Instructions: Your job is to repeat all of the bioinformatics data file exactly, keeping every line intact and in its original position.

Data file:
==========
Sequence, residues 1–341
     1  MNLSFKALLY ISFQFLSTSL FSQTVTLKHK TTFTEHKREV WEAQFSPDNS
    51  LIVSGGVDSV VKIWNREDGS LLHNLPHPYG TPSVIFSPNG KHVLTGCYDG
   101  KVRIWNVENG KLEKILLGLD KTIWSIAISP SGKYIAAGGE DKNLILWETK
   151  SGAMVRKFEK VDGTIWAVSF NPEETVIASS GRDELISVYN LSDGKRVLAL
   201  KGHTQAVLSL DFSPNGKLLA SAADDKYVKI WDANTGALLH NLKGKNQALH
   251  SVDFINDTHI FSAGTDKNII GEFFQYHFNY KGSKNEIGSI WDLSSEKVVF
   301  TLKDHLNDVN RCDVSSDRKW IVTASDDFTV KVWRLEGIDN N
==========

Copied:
Sequence, residues 1–341
     1  MNLSFKALLY ISFQFLSTSL FSQTVTLKHK TTFTEHKREV WEAQFSPDNS
    51  LIVSGGVDSV VKIWNREDGS LLHNLPHPYG TPSVIFSPNG KHVLTGCYDG
   101  KVRIWNVENG KLEKILLGLD KTIWSIAISP SGKYIAAGGE DKNLILWETK
   151  SGAMVRKFEK VDGTIWAVSF NPEETVIASS GRDELISVYN LSDGKRVLAL
   201  KGHTQAVLSL DFSPNGKLLA SAADDKYVKI WDANTGALLH NLKGKNQALH
   251  SVDFINDTHI FSAGTDKNII GEFFQYHFNY KGSKNEIGSI WDLSSEKVVF
   301  TLKDHLNDVN RCDVSSDRKW IVTASDDFTV KVWRLEGIDN N